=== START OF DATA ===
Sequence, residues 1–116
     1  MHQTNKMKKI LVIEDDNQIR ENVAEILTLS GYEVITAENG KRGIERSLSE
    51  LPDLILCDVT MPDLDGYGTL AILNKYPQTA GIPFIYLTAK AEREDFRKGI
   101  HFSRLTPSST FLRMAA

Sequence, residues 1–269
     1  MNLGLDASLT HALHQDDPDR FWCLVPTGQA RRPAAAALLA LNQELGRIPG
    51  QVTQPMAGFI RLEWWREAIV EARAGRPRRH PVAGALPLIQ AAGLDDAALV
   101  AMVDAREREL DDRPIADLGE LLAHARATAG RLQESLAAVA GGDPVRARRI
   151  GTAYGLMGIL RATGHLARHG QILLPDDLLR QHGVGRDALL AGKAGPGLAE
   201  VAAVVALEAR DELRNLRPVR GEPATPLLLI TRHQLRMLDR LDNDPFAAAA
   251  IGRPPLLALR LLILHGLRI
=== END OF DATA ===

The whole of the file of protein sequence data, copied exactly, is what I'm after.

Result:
Sequence, residues 1–116
     1  MHQTNKMKKI LVIEDDNQIR ENVAEILTLS GYEVITAENG KRGIERSLSE
    51  LPDLILCDVT MPDLDGYGTL AILNKYPQTA GIPFIYLTAK AEREDFRKGI
   101  HFSRLTPSST FLRMAA

Sequence, residues 1–269
     1  MNLGLDASLT HALHQDDPDR FWCLVPTGQA RRPAAAALLA LNQELGRIPG
    51  QVTQPMAGFI RLEWWREAIV EARAGRPRRH PVAGALPLIQ AAGLDDAALV
   101  AMVDAREREL DDRPIADLGE LLAHARATAG RLQESLAAVA GGDPVRARRI
   151  GTAYGLMGIL RATGHLARHG QILLPDDLLR QHGVGRDALL AGKAGPGLAE
   201  VAAVVALEAR DELRNLRPVR GEPATPLLLI TRHQLRMLDR LDNDPFAAAA
   251  IGRPPLLALR LLILHGLRI